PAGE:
Leadership in the IVR

Leaders are stable and predictable, they are slow to anger and do not take their personal or professional frustrations out on their co-workers either verbally or non-verbally.

Leaders are approachable. They do not use intimidation to control people or projects.

Leaders develop and maintain a genuine positive attitude. If there is something they don’t like or are concerned about, they address it with their co-workers or supervisors right away so that they can feel good about their projects and their co-workers. Leaders couple their satisfaction with their environment and their confidence in themselves and their co-workers to create a sense of optimism that most problems can be overcome.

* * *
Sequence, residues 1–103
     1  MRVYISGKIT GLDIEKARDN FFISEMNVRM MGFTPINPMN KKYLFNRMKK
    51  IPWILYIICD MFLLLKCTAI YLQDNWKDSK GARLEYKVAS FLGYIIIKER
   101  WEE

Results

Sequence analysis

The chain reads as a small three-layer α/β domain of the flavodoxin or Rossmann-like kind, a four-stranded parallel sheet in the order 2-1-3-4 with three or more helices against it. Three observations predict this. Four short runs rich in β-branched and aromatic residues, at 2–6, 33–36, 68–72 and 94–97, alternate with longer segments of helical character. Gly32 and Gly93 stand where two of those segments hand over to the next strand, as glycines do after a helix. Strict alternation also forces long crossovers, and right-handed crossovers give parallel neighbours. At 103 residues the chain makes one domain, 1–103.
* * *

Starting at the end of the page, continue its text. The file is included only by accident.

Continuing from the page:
Leaders have sufficient self-confidence and self esteem that they can take criticism constructively, even if it is not presented to them in a completely constructive way.

Leaders tend to give more recognition to other people than they demand or expect for themselves. The ideal leader accepts all responsibility for problems and/or bad outcomes that occur in his or her unit while sharing the recognition or benefits that result from the good outcomes.

Leaders lead by example. They follow all the rules to the letter do not push the limits of any policy.

Leaders want and expect their colleagues to be accomplished successful people. They are not threatened by the knowledge or accomplishments of others. They spend significantly more time thinking about how they can be better at their own jobs than about how their co-workers could be better at theirs.